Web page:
The “My” poems focus on shame in memory: how much does what shames you reveal you? How much have I been shaped by what shamed me, and how much have I been shaped (shame, and guilt, not withstanding) by whatever interested me as a kid? What’s the difference, in me, between the interests that I was able to pursue (science, and science fiction, for example) and those I never got to pursue since I was never raised as a girl? How much did my feelings about girlhood and boyhood and about individual girls resemble the feelings that other kids—“normal” kids—would have had? How much does my apparent lack of social skills at that age speak to whatever social skills, and whatever poetics, I have now?
Are my own poetics, or “confessional” poetics generally—in which you try to say what’s hard to say, what would embarrass you, what wouldn’t be socially appropriate—just a way to recycle or put to use my childhood cluelessness about what not to say, and to whom, since as a child I tended to say everything that seemed important to me, everything that came into my head, at the same time as I wanted other people (especially girls) to like me? And how much does the ordinary, and (we usually think) praiseworthy, training in social skills and social graces that grade school kids undergo—in which we learn how to appeal to other people—resemble the acquisition of the skills that you’d need to run a consumer business, trying to meet existing demand?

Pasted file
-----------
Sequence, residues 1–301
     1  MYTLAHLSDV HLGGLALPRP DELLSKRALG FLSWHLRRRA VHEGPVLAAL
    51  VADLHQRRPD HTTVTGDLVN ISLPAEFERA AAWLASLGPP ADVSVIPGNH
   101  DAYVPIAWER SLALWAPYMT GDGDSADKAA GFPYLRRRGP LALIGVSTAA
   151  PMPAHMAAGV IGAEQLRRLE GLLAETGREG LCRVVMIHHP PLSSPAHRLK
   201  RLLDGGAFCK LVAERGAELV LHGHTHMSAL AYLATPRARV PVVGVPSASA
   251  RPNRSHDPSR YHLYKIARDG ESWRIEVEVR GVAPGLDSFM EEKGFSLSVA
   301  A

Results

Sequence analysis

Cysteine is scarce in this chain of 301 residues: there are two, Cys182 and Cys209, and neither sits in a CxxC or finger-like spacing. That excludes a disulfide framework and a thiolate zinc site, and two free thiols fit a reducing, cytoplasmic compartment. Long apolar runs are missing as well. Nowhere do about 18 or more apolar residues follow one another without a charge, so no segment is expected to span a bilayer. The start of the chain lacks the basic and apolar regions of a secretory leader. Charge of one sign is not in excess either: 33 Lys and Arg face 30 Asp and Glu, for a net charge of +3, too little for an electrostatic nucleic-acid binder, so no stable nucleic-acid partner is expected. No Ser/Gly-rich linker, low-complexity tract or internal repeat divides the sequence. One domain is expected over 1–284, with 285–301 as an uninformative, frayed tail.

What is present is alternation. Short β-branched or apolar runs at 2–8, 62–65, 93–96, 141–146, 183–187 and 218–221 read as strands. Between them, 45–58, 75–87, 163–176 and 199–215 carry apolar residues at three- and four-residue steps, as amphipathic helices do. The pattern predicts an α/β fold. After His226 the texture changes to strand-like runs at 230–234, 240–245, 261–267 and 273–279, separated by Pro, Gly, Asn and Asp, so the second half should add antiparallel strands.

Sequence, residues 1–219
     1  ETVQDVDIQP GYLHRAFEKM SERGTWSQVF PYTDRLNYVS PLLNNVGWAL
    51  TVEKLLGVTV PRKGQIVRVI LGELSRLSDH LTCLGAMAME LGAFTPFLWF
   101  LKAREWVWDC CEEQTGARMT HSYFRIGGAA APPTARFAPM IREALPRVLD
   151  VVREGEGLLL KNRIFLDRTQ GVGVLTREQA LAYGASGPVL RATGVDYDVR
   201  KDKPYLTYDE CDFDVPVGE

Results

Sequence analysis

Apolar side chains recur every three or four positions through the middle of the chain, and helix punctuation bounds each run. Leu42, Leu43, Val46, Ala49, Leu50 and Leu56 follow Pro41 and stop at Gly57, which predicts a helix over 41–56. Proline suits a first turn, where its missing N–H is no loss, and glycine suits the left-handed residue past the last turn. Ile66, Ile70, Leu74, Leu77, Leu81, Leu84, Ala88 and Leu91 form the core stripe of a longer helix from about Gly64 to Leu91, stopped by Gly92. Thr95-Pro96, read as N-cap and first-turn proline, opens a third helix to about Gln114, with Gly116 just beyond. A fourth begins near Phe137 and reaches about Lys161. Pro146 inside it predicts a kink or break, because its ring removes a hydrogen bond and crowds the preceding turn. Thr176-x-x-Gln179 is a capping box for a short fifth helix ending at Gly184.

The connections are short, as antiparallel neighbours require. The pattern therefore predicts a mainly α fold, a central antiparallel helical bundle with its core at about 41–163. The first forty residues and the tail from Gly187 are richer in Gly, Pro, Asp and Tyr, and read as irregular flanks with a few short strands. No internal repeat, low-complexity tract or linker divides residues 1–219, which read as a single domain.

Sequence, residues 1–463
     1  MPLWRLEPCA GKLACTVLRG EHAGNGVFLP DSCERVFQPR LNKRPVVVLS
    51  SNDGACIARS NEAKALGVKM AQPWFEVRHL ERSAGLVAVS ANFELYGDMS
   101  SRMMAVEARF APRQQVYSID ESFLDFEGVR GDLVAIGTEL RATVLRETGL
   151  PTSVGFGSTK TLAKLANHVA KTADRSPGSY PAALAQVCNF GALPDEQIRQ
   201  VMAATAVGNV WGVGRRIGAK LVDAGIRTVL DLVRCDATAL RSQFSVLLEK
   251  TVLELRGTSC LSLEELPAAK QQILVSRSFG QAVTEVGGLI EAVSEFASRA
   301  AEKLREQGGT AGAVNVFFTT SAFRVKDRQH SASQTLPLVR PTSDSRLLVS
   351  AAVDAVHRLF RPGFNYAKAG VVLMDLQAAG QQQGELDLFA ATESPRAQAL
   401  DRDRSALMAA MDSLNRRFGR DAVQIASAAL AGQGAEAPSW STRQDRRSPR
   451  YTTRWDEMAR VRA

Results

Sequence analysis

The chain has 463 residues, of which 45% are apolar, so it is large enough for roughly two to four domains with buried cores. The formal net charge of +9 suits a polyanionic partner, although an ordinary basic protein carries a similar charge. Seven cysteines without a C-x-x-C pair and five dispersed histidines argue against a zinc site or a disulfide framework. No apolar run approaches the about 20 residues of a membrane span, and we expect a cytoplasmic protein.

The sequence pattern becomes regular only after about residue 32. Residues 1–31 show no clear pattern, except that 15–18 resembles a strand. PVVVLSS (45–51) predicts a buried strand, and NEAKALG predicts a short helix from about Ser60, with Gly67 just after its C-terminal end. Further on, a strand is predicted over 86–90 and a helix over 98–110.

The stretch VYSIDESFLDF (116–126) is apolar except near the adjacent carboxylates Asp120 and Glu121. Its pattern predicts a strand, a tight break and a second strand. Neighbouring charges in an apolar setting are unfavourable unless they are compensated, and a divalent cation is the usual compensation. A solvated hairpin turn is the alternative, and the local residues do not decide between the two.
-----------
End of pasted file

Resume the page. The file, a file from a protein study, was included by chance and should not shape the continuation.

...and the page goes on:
Stephen (also Steph or Stephanie) Burt is Professor of English at Harvard and the author of several books of poetry and literary criticism; The Poem Is You: 60 Contemporary Poems and How to Read Them has just been published by Harvard University Press, and a new collection of Steph’s own poems will be published by Graywolf in 2017.